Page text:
Jul 05 2018
Lecture | “After all, isn’t America’s garbage the most valuable in the world?”: Stephen Varble’s Gutter Art in 1970s New York
Thurs | 7PM
On the occasion of READYMADES BELONG TO EVERYONE, Swiss Institute together with the Graham Foundation for Advanced Studies in Fine Arts are pleased to present a talk by David J. Getsy on the infamous 1970s performance artist Stephen Varble, the subject of the upcoming retrospective Rubbish and Dreams: The Genderqueer Performance Art of Stephen Varble at the Leslie-Lohman Museum of Gay and Lesbian Art.
Getsy will discuss how Varble repurposed trash, stolen objects, and ironic readymades to make elaborate, gender-confounding costume sculptures. Taking to the streets, the artist staged unauthorized and impromptu performances in galleries, banks, boutiques, and city streets. His protest works attacked the commercial sites of art and luxury, and he infuriated the art world by interrupting their business in his glamorous “gutter art.”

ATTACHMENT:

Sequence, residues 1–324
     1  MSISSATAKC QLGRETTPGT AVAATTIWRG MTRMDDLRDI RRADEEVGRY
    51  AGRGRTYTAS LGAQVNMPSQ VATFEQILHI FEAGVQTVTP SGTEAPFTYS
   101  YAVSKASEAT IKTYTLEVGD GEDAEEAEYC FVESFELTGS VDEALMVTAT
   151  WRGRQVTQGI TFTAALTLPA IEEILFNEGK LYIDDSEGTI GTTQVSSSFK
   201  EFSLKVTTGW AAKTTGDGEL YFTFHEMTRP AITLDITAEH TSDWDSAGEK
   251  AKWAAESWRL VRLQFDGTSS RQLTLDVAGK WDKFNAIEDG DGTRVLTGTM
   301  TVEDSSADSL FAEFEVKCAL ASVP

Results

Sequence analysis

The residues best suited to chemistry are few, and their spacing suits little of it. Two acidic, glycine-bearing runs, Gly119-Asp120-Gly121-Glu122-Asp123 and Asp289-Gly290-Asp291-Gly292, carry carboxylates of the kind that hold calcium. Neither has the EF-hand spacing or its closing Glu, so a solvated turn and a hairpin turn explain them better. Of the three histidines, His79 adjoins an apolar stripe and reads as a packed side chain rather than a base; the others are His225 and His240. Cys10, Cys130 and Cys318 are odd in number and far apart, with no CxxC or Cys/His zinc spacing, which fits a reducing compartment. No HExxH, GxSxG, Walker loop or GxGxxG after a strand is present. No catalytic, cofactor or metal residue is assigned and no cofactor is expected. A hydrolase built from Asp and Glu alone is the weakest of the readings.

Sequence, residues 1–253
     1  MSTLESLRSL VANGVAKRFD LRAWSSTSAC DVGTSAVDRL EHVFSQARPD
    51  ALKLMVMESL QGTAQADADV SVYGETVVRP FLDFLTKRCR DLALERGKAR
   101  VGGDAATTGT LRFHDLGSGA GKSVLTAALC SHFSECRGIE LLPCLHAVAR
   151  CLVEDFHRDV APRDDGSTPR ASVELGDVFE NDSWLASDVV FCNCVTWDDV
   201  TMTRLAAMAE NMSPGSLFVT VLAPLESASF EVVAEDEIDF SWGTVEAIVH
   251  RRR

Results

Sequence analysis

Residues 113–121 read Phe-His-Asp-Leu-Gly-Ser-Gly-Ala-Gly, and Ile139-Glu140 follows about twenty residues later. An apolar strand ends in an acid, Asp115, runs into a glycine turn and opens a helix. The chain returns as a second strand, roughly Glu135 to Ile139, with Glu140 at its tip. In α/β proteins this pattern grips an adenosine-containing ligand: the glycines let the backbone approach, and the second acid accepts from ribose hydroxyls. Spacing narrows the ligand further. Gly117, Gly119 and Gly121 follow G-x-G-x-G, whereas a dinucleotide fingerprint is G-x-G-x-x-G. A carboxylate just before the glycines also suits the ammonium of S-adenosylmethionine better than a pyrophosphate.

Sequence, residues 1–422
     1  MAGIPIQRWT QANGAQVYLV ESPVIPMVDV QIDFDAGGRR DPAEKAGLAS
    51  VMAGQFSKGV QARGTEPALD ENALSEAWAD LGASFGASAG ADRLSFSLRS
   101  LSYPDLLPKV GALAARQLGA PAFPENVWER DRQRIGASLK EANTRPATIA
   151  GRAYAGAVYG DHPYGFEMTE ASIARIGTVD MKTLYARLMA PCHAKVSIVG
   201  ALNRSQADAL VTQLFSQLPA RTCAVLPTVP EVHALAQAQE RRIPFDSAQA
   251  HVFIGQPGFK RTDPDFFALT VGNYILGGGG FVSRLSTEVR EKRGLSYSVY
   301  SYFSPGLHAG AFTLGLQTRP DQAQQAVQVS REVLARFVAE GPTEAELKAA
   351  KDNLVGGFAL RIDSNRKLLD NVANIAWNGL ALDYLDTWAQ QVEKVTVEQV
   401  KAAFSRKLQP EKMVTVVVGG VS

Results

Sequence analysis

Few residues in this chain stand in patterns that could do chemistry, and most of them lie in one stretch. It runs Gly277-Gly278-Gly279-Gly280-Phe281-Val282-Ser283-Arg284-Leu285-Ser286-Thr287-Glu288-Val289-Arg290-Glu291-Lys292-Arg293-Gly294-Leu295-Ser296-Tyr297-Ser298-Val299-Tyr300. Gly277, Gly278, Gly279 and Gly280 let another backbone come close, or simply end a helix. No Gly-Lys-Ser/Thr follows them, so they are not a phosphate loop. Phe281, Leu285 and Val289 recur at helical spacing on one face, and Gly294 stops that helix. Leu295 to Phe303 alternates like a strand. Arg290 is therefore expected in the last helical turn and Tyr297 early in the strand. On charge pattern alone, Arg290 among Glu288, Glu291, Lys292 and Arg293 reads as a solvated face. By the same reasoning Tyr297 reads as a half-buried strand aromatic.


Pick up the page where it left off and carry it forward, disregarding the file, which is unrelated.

Please RSVP to firstname.lastname@example.org. Please note: events at Swiss Institute are limited capacity, and entry is on a first-come, first-served basis.
David J. Getsy is the curator for Rubbish and Dreams: The Genderqueer Performance Art of Stephen Varble, opening September 29, 2018 at the Leslie-Lohman Museum of Gay and Lesbian Art. His books include Abstract Bodies: Sixties Sculpture in the Expanded Field of Gender (Yale 2015), Scott Burton: Collected Writings on Art and Performance (Soberscove 2012), Rodin: Sex and the Making of Modern Sculpture (Yale 2010), and, most recently, the anthology of artists’ writings, Queer (MIT 2016). He teaches at the School of the Art Institute of Chicago, where he is the Goldabelle McComb Finn Distinguished Professor of Art History.
Image: Peter Hujar, Stephen Varble, SoHo, Franklin Street (I), 22 March 1976. © Peter Hujar Archive.